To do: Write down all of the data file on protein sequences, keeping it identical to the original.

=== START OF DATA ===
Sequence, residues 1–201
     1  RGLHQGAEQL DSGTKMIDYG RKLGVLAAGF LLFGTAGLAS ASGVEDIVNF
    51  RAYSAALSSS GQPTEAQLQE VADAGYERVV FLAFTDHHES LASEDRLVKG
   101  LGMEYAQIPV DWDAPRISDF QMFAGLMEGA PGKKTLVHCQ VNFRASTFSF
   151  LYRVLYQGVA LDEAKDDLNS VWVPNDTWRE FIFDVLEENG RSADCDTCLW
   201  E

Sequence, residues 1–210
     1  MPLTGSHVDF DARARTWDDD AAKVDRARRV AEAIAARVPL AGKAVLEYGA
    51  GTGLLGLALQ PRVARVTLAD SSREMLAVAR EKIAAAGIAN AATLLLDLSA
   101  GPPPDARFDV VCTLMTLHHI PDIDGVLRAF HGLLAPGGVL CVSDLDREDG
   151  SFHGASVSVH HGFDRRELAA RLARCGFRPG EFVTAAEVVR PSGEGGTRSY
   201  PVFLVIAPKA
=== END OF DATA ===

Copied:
Sequence, residues 1–201
     1  RGLHQGAEQL DSGTKMIDYG RKLGVLAAGF LLFGTAGLAS ASGVEDIVNF
    51  RAYSAALSSS GQPTEAQLQE VADAGYERVV FLAFTDHHES LASEDRLVKG
   101  LGMEYAQIPV DWDAPRISDF QMFAGLMEGA PGKKTLVHCQ VNFRASTFSF
   151  LYRVLYQGVA LDEAKDDLNS VWVPNDTWRE FIFDVLEENG RSADCDTCLW
   201  E

Sequence, residues 1–210
     1  MPLTGSHVDF DARARTWDDD AAKVDRARRV AEAIAARVPL AGKAVLEYGA
    51  GTGLLGLALQ PRVARVTLAD SSREMLAVAR EKIAAAGIAN AATLLLDLSA
   101  GPPPDARFDV VCTLMTLHHI PDIDGVLRAF HGLLAPGGVL CVSDLDREDG
   151  SFHGASVSVH HGFDRRELAA RLARCGFRPG EFVTAAEVVR PSGEGGTRSY
   201  PVFLVIAPKA